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Cat Coat Types

Long-haired, short-haired, no-haired. Plain, striped, tortoiseshell, blotchy. There is a rich variety in cat coats.

Hairless Cats

Cornish Rex pedigree cat breed
The short-furred Cornish Rex is a great choice for allergy sufferers

These include the Sphynx and the Peterbald. They’re not actually hairless – their skin is covered in a suede-like layer of very fine hair. There are also very shorthaired cats such as the Cornish Rex, which are equally good for allergy sufferers. But there are one or two consequences for what is, let’s face it, an unnatural physical trait. Hairless breeds require regular bathing, as their skins become very oily. In other breeds of cat the hair soaks up much of the naturally produced oil. Hairless cats suffer in the cold too – they are, in effect, facing winter without a winter coat. They are also vulnerable to sunburn.

Short Haired Cats

There are several short hair cats breeds, including the British Shorthair, the Burmese, the Manx, the Bengal, and the Savannah. These are breeds with hair no longer than 1.5 inches. They are low maintenance, requiring little or no brushing.

Shorthair pedigree cat breed
The British Shorthair is a beautiful, low-maintenance cat

Long Haired Cats

Popular breeds in this category include the Maine Coon, Ragdoll, and Persian. Long Hair cats have fur longer than 1.5 inches, but it can grow up to 5 inches, depending on the breed. Their coats need lots of brushing, and they shed all the time. They cough up more fur-balls than shorter-haired breeds, for the obvious reason that they swallow more fur when grooming.

Longhair Persian pedigree cat breed
This Persian may look a little aloof, but she's a gentle and friendly breed

Cat Coat Colors and Patterns

Selective breeding has produced some beautiful coat patterns in pedigree cats. Crossbreeds come in an endless variety too.

Having said that, the colour palette is limited to these basics: White, Black, Red (Ginger), Blueish / Grey, Cream, Brown, Cinnamon, Fawn. These combine in subtle variations to produce an amazing variety of color coat patterns:

Solid / Self-color

This is the easiest coat type to spot, being all one color. Cats of this type are surprisingly uncommon – if a cat’s coat has any other splodge of color, no matter how small, it is not a solid / self color.


There are many different variations on the bi-color coat. A cat of this type has a base of white with patches of color. If the spots are random the pattern is referred to as magpie, or the more prosaic “random spotting”. Random spotting with a colored tail is known as harlequin. Colored head and back (saddle) is called cap and saddle. A cat with splashes of color between the ears, with a colored tail, is called van.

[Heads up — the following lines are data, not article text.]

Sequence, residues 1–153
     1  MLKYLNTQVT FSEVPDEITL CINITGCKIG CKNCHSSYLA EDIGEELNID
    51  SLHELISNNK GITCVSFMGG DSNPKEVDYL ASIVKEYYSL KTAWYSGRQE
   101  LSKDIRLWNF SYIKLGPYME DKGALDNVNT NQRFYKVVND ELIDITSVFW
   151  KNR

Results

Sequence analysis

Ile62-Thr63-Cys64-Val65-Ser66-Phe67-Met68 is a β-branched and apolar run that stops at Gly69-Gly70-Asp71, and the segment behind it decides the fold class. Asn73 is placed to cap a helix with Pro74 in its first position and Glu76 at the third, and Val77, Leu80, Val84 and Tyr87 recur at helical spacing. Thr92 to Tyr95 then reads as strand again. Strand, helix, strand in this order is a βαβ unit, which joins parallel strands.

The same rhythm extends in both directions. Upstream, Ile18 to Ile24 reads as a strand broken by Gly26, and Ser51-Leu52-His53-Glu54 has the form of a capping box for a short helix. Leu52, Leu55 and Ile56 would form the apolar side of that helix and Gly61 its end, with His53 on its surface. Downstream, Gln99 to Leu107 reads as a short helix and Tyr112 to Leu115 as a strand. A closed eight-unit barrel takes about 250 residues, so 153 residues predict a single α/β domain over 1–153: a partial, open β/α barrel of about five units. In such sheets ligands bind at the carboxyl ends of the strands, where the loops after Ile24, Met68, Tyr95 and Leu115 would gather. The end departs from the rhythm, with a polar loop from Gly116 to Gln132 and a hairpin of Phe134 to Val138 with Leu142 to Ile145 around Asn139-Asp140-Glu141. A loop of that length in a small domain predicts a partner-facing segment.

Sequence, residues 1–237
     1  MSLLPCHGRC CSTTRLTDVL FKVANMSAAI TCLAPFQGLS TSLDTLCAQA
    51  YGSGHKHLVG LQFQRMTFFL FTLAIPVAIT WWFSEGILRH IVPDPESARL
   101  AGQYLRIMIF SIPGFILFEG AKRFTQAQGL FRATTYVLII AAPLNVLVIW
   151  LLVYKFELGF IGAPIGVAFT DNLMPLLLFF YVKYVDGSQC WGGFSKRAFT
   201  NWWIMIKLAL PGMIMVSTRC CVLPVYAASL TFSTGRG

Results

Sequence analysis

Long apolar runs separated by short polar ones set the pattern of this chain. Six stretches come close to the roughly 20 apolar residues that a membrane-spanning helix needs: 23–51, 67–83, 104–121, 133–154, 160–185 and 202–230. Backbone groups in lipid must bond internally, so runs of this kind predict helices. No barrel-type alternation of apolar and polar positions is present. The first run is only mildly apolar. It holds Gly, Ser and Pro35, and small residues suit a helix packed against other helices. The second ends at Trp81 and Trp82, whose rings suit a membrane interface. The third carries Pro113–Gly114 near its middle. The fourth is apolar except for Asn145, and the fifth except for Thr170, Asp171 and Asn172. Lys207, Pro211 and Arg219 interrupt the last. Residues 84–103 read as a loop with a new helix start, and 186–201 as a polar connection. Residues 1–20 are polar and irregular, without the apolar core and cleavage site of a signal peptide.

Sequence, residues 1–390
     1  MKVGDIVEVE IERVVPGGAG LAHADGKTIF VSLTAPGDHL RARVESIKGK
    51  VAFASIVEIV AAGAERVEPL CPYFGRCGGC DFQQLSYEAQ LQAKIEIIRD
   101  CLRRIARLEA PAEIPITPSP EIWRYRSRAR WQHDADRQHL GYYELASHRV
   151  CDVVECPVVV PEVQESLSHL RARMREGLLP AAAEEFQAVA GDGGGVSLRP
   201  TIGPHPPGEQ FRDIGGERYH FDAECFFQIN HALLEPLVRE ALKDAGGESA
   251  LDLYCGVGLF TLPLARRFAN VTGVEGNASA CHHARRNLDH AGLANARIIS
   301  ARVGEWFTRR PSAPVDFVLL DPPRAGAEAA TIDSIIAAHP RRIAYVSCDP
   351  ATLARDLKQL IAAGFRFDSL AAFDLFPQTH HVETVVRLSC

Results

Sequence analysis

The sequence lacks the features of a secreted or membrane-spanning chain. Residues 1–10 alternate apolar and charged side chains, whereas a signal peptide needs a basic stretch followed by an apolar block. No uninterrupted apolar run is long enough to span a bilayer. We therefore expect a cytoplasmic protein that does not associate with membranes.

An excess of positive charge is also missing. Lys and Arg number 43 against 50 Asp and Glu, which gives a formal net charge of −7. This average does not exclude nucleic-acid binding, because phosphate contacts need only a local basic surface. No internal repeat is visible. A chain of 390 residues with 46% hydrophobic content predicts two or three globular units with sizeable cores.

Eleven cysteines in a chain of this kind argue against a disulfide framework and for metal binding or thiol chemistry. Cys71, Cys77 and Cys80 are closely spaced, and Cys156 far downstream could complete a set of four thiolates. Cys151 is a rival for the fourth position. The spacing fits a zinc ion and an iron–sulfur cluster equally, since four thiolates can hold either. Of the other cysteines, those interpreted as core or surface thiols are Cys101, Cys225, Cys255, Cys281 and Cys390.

This is the classic striped or marbled coat, and is the most common pattern in domestic cats. It harks back to the striped pattern of the ancestral wild cats. There are four tabby variations:

Striped Tabby cat enjoys being stroked
This Striped Tabby cat enjoys lots of attention

  • Striped or Mackerel: vertical stripes running from spine to belly.
  • Classic or Blotched tabby: no distinct stripes, but a marbled effect.
  • Spotted: spots instead of stripes.
  • Ticked: each hair is more than one color (known as Agouti hair), often with striped legs and tail too.


Tortoiseshells come in various shades. The commonest is gingery-red and black, but they come in lighter shades (known as dilutions), the lightest being a mixture of blue-grey and cream. The colors are sometimes well mixed (brindled), sometimes in distinct patches.

Like all cats, this Tortoiseshell goes crazy for catnip!
Like all cats, this Tortoiseshell goes crazy for catnip!


This is a mixture of a tabby and a tortoiseshell. These cats combine the distinct markings of both coat patterns.

Tri Color / Calico

Another common pattern, this coat is a mixture of gingery red, black and white, in endless variations. Like tortoiseshell types, the colors are often diluted, fading down to grey, cream and white.

Color Point

These cats are basically one color, but darker on the face, paws, and tail. Fascinatingly, experiments involving kittens and heated rooms have shown that if permanently warm, the young cats do not develop the darker extremities. The underlying cause, say the researchers, is a gene that causes the coolest part of the cat's body to become darker. If the markings have not developed in the kitten, they will not occur later when the animal is an adult.

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